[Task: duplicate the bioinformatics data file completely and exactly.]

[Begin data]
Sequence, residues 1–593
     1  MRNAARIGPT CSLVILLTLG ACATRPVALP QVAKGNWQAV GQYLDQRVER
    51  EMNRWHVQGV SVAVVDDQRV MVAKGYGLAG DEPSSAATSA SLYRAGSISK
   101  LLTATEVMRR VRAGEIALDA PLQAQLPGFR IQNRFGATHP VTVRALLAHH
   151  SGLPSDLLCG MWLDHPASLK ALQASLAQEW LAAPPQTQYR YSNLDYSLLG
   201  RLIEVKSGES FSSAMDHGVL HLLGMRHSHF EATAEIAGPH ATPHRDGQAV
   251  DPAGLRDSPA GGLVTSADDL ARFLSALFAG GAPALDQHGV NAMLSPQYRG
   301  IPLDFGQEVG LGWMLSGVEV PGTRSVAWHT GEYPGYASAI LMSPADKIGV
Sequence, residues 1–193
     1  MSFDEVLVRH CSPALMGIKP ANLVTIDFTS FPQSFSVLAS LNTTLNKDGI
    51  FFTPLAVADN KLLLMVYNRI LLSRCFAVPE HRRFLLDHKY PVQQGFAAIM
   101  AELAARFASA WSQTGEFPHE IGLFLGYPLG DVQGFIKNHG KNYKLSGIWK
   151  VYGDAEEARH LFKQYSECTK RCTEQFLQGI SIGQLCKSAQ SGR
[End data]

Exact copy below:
Sequence, residues 1–593
     1  MRNAARIGPT CSLVILLTLG ACATRPVALP QVAKGNWQAV GQYLDQRVER
    51  EMNRWHVQGV SVAVVDDQRV MVAKGYGLAG DEPSSAATSA SLYRAGSISK
   101  LLTATEVMRR VRAGEIALDA PLQAQLPGFR IQNRFGATHP VTVRALLAHH
   151  SGLPSDLLCG MWLDHPASLK ALQASLAQEW LAAPPQTQYR YSNLDYSLLG
   201  RLIEVKSGES FSSAMDHGVL HLLGMRHSHF EATAEIAGPH ATPHRDGQAV
   251  DPAGLRDSPA GGLVTSADDL ARFLSALFAG GAPALDQHGV NAMLSPQYRG
   301  IPLDFGQEVG LGWMLSGVEV PGTRSVAWHT GEYPGYASAI LMSPADKIGV
Sequence, residues 1–193
     1  MSFDEVLVRH CSPALMGIKP ANLVTIDFTS FPQSFSVLAS LNTTLNKDGI
    51  FFTPLAVADN KLLLMVYNRI LLSRCFAVPE HRRFLLDHKY PVQQGFAAIM
   101  AELAARFASA WSQTGEFPHE IGLFLGYPLG DVQGFIKNHG KNYKLSGIWK
   151  VYGDAEEARH LFKQYSECTK RCTEQFLQGI SIGQLCKSAQ SGR